Alexisonfire’s latest record is like a good friend shaking you by the shoulders to wake up.

Gwenno – Tresor (Cardiff, Wales)

Few manage to conjure a mood of mystical wonder in their music quite like the playful arrangements that Welsh artist Gwenno does. Through the mix of her Cornish singing, the sublime instrumental choices and the otherworldly feeling, this music taps into something truly special. “An Stevel Nowydh” runs out the gate in its echoing and ghostly charge, with every string and piano cutting like it’s alive. While more lulling in its verses, “Tresor” mesmerises you in its rain-like riffs and the soaring of the harmonies that it lets out every chorus, expanding like a blooming fire. The transportive qualities of “Keltek” create a whole other plane for the music to exist in, letting this instrumental bubble like a mixture starting to react and morph itself. So much of Gwenno’s power as a songwriter is captured in “Tonnow” as every tone feels ethereal, every beat pushed to its righteous place in the mix, and the charge of its chants like a presence taking your soul over.

Colin Asuncion  Open Up  (Toronto)

With a jazzy swing and a lot of soul, Colin Asuncion bears his whole being on his new EP. Smooth, personal and palpably from the heart, this is a soothing listen. “Unstoppable” is a forceful wave of vocals and harmony, all driven by Asuncion’s passionate delivery. With a more moving beat on “Make You Tired,” Asuncion gains a seductive quality, using his soft and alluring approach to become an understated pop star. “Fast Forward” strips it all back to another quiet ballad, feeling pulled right from an early 2000s musical, in a touching plea to move forward in life and love. There’s an immediately rushing groove on “We’re Here” that brings the most hope of the whole album, as Asuncion gains up all that conviction from the EP and turns it into a confident call to live.

Alexisonfire – Otherness (St. Catherines, ON)

So many years on, Alexisonfire feels rawer than ever, with their latest record feeling like a good friend shaking you by the shoulders to wake up. There’s a visceral force straight from the get-go on “Committed to the Con,” giving the whole song a sense of force and danger, to the point its tense intro (and pre-chorus riff) can overshadow the actual drops at times. The fiery tones of “Sweet Dreams of Otherness” feel like melodic explosions, as the track floats with a feeling over constant aftershocks berating you on and on. The sheer ferocity of “Conditional Love” hits like a speeding train, with Alexisonfire bringing so much grit and growl to the mix it often feels overwhelming. Elements of the fuzzy and screeching Queens of the Stone Age albums feel alive on “Reverse the Curse,” with the relentless swirl of feedback, colossal drums and harmonies elevating the whole album in closing tracks.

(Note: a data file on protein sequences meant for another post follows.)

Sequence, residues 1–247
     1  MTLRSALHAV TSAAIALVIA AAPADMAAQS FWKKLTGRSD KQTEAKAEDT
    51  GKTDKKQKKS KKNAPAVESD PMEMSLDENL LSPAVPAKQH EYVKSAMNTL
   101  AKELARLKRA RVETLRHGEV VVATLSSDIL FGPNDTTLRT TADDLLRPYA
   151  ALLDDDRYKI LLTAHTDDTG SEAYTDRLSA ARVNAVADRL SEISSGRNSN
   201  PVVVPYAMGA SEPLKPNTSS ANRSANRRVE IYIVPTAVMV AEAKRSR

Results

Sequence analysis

Jade Turner – This Song Sucks (Single)  (Grand Rapids, MB)

In a fun play on love and those rare songs we associate with our deepest relationships (often to a lot of later pain), Jade Turner’s latest single is a fun radio banger. The energy of the track plays like that favourite track, worming its way into your head with every hook, rising vocal, and chanting line in its chorus. Every line flips the idea of a deep lyric, addictive melody and the high of music, and meshes that all into the conflict that comes out of a breakup, and how weirdly these two ideas can overlap. Simple and to the point, this punchy track is a great remedy to all those tracks that you now can’t listen to ever again.

The Dream Syndicate – Ultraviolet Battle Hymns and True Confessions (Los Angeles)

True to the constant promise of their name, the newest release by this L.A. outfit feels like a hazy, imagined memory. “Where I’ll Stand” brings you into its warm and smoky mood, and lets you sizzle in the loose riffing and grooves the band drip out. The roaring guitars of “Every Time You Come Around” provide a kind of animalistic charge under the otherwise soft feel of the track, letting the whole thing feel welcoming but unwieldy. The twanging rush of “Trying to Get Over” brings out a Tom Petty sheen, and crackles with an electric frustration that is hard to shake. The keyboard lines of “Straight Lines” are a wonderfully playful touch, especially with the rumbling drums and constant shuffle of track providing one the album’s most angular and unpredictable listens.